Opinion by Paul Glen

Paul Glen: When your boss overloads you, blame yourself

It's part of your job to let your boss know honestly what you can and can't do

Opinion by Paul Glen

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At work, do you ever feel like one of those circus performers spinning plates on the top of poles? With a dozen different projects going at once, you spend your time frantically running from one to another, attending to each just enough to keep them all spinning. You're exhausted from the relentless pace but know that the best you're going to do is avoid the crashing disaster of letting them drop. And it feels like none of the projects will ever end.

You're caught up in what's commonly known as thrashing, spending a disproportionate amount of your time switching between projects. Every time you set one aside and pick up another, it takes mental and emotional energy to stop one train of thought and remind yourself where you left off on the other. When you do this too often, you spend most of your time switching and little of your time in productive work.

And when this happens, most of us curse our bosses for giving us too much to do. We blame them for our stress and lack of productivity. But you shouldn't blame your boss for this. It's as much your fault as it is hers.

A boss's job is to get as much done as possible with the resources available. Many managers interpret that as meaning they have to heap as much work as possible on the people they supervise. Some of them may try to gauge how much you can accomplish without thrashing, but most will just keep giving you things to do to make sure you're doing as much as possible.

So why do I say that it's your fault as much as your boss's? Because it's your responsibility to be productive, to monitor your own work and to let your boss know what's realistic to expect given the time available and the circumstances you're working under. In other words, it's not your job to willingly agree to everything your boss tells you to do.

I'm not suggesting that you should just start telling your boss no when she asks you to do anything new. There are appropriate ways to make sure that you avoid thrashing and give your organization the best return on its investment in you. When you find yourself thrashing, or concerned that the next thing your boss requests will push you over the edge, you have options.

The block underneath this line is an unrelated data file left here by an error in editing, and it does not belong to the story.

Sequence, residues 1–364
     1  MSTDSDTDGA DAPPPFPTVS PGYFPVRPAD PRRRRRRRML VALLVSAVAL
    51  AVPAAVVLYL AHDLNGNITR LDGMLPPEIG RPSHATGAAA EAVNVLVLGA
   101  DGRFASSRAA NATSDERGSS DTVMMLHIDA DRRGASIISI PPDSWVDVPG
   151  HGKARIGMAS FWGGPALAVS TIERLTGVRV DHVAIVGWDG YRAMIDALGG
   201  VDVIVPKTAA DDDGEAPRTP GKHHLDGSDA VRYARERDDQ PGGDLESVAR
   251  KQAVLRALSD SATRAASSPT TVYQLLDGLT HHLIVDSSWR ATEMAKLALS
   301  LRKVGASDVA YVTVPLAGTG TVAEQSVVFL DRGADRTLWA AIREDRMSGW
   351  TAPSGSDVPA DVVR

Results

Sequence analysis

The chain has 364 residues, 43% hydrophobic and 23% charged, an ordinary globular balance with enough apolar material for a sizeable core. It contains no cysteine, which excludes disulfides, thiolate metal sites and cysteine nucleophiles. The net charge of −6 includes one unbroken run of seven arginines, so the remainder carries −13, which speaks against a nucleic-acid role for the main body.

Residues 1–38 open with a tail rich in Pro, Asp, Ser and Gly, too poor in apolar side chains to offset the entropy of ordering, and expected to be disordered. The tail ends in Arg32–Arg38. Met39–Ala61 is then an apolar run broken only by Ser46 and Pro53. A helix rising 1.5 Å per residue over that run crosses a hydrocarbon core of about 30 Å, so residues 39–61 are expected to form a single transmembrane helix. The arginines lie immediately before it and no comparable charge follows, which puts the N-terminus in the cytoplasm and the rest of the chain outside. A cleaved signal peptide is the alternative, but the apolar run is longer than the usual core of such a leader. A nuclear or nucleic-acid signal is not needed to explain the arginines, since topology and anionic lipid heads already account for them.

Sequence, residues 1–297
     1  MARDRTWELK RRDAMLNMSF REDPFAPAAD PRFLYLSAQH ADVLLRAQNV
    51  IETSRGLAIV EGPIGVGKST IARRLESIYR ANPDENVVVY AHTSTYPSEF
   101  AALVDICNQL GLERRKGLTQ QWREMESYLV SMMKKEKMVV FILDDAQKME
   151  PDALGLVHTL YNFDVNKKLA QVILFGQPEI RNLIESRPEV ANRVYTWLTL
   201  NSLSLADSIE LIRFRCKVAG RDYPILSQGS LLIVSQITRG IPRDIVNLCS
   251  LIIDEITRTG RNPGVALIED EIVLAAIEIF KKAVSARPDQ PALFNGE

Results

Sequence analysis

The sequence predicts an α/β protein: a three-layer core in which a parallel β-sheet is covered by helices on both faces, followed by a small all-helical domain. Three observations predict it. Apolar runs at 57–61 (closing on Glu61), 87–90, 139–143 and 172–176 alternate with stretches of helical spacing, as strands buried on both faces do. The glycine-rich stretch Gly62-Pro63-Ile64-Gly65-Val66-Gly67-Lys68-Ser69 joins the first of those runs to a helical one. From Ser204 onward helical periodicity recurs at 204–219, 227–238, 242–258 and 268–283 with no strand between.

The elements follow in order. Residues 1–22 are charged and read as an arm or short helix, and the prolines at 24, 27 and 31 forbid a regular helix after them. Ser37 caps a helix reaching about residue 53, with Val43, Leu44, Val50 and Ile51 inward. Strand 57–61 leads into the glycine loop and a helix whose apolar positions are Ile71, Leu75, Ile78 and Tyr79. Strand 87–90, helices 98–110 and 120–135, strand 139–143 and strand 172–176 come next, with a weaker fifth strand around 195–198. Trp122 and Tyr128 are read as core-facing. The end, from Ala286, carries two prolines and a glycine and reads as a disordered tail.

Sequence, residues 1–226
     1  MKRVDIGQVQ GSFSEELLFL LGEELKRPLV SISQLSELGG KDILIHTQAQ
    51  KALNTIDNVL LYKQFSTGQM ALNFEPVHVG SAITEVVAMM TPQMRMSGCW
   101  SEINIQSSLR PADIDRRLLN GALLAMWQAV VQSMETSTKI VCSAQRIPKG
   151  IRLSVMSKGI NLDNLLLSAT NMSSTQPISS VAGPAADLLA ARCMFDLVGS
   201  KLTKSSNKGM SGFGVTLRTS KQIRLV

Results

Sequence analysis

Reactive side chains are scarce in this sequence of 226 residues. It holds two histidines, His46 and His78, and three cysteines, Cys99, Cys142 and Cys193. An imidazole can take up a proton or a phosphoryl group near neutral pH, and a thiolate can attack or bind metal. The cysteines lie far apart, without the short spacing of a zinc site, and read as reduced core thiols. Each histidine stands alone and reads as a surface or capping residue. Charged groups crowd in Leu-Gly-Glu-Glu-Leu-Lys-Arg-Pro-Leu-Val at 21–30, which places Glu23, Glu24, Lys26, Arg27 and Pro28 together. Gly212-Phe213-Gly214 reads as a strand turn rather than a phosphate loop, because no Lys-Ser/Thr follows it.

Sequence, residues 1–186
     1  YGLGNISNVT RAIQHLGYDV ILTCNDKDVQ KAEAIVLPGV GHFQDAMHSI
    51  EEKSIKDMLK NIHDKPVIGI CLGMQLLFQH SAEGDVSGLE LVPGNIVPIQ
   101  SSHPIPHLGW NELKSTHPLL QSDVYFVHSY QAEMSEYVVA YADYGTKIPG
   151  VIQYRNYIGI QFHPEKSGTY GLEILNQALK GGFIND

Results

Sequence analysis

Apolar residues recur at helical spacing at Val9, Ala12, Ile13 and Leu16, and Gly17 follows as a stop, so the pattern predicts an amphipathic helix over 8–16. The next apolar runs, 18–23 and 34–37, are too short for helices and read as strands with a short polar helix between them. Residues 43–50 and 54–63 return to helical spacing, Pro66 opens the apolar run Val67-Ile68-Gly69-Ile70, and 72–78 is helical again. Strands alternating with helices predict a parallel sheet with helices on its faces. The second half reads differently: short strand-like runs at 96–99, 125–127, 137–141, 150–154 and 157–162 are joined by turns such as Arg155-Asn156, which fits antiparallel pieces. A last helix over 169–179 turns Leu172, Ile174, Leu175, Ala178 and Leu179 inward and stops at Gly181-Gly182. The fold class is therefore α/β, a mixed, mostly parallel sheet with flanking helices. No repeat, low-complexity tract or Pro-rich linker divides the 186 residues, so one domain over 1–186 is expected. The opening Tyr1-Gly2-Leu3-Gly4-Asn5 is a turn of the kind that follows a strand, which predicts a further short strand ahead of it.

Ask your boss to clarify your priorities. Calmly list all the things that you have to do, then tell her how many you feel you can address effectively at one time, and ask her to rank them in the order she wants you to work on them. You're not saying you won't do them. You're just asking for guidance to ensure that you address the most important goals first.

Clarify the impact of being overloaded. Again, calmly list everything you have to do, then tell your boss how many you feel you can address effectively at one time. If she tells you that you must do them all at once, explain the impact of thrashing on your productivity and the total amount of time you'll need to finish them simultaneously rather than in sequence.

Either way, you're not being intransigent or refusing to work. You're simply giving your boss the information she needs to get the best from you. It's not a sign of weakness to admit that you have limits. In fact, self-awareness and honesty are signs of self-respect and professionalism.

Although it's tempting to blame your boss for overloading you, it's not reasonable or fair. It's your responsibility as a professional to ensure that you can produce the best results possible given the constraints of your work. And it's part of your job to let your boss know honestly what you can and can't do.

Paul Glen is the co-author of The Geek Leader's Handbook and a principal of Leading Geeks, an education and consulting firm devoted to clarifying the murky world of human emotion for people who gravitate toward concrete thinking. You can contact him at info@leadinggeeks.com.


Copyright © 2014 IDG Communications, Inc.

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